Office of Community Standards Responds to CS106A Honor Code Violations

by Andrew Han

The Stanford Review has been following developments on the CS106A Honor Code Violations. Given the size of the concerns, the Review is scrutinizing the process for addressing Honor Code concerns as outlined in the Student Judicial Charter of 1997.

Monday, March 23, 2015 marked the beginning of spring break, a normally relaxing time for students finishing winter quarter. However, for many students in CS106A, Stanford’s introductory computer science class, break began on an ominous note. As many as 20 percent of the students in CS106A, a class that historically has in the ballpark of seven hundred students, received the following message from instructor Keith Schwarz:

The Honor Code policy for CS106A requires that all code you submit be your own work, be created without assistance from anyone other than course staff, and be created without consulting any resources beyond the standard course materials. All submissions that do not adhere to these rules are required to include a citation describing what additional assistance you received.
I am writing to you because some of the work you submitted this quarter appears not to have adhered to these policies. Accordingly, I have filed an Honor Code concern with the Office of Community Standards. You should hear from OCS sometime soon.
In accordance with university policy, I have not recorded a grade for you in CS106A. In the meantime, please direct all further communications to the Office of Community Standards. You can reach them at

The accused students did not receive any more information for the rest of the break. A week later, on the first day of spring quarter, they received an email entitled “Correspondence from the Office of Community Standards”, which directed them to the Office of Community Standards (OCS) — Stanford’s judicial office — and a Stanford Box repository with Schwarz’s letter to the OCS. The email also told them about an “Early Resolution Option” for first time violators and who do not contest the concern filed against them. According to Schwarz’s letter to the OCS, he sent out reminders on two separate occasions to the class about CS106A Honor Code policies, particularly with regard to the option for students to use citations when referencing code that is not theirs. MOSS (Measure of Software Similarity), the Computer Science department’s automated plagiarism detection tool, flagged potentially plagiarized code, which instructors later hand-reviewed.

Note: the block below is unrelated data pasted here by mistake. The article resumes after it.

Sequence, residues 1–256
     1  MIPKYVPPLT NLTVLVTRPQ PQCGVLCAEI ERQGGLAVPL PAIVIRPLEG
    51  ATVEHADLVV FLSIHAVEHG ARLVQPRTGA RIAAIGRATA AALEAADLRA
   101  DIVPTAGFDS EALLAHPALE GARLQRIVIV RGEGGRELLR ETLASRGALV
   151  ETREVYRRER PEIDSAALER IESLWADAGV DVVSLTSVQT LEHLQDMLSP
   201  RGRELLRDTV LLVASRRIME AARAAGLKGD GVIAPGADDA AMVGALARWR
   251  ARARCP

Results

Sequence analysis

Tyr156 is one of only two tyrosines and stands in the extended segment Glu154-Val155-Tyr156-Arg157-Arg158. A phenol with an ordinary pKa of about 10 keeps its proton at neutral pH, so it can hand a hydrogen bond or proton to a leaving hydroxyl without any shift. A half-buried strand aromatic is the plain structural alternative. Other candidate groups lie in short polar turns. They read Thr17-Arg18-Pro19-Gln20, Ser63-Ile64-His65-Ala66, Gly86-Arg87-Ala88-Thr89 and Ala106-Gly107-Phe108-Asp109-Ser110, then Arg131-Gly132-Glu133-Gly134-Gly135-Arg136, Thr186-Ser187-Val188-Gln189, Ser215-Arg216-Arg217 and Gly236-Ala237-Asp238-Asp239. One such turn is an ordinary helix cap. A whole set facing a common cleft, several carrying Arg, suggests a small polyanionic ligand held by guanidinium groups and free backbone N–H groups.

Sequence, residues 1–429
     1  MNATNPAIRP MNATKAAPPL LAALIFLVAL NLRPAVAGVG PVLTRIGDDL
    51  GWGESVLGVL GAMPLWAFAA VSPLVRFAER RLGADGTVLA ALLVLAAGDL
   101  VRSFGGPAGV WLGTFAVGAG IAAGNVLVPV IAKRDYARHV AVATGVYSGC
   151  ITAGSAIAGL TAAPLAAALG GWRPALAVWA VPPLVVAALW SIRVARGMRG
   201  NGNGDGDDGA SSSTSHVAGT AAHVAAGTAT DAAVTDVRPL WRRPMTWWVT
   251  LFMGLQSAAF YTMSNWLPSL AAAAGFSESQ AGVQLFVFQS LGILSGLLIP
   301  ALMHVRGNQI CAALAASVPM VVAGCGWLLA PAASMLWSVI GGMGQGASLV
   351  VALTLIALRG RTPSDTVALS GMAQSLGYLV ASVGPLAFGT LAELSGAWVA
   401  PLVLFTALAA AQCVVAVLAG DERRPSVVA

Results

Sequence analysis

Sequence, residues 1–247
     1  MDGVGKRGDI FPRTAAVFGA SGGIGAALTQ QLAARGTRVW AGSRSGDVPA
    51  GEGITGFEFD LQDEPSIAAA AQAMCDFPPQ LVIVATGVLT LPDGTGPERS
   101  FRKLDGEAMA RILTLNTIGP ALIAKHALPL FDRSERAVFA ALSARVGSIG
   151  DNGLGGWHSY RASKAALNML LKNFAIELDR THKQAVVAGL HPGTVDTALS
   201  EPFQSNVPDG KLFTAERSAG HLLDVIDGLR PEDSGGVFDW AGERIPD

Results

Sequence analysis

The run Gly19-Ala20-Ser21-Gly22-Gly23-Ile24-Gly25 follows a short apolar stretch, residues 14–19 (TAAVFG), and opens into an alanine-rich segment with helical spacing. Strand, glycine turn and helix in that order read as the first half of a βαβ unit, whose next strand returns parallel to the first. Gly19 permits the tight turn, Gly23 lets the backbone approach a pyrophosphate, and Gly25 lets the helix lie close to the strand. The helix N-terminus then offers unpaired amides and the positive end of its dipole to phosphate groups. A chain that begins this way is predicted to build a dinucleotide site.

The Student Judicial Charter of 1997 outlines the judicial process for Honor Code concerns. Formal concerns should be made within 60 days “of the date of discovery of the evidence”, and within one week, Judicial Officers should notify students regarding the nature of the concern. The Judicial Officer is a neutral party that acts as a resource to the accused student and serves as an intermediary between all involved parties to gather relevant evidence. The Judicial Officer then can file formal charges against the student. In the case in which no formal charges are filed, the reporting party may still request that a Judicial Panel be held to hear the evidence and request the Judicial Officer to file formal charges. If charges are levied against a student, then a hearing must be held within three weeks of the charges being filed. Following the proceedings, the Panel meets in a closed session to determine the position of charges and determine appropriate sanctions. The students should be informed within one week of the sanctions being affirmed.

According to at least one student, though, “I have not yet been in contact with my Judicial Officer although I have been provided with his contact information. No one has of yet reached out to me and it has been 8 days since I received formal OCS contact.” The Review, meanwhile reached out to Schwarz, CS106A instructor and Lisa Lapin, spokesperson for Stanford. Both parties declined to comment. The Stanford Review will continue to report on updates regarding these events.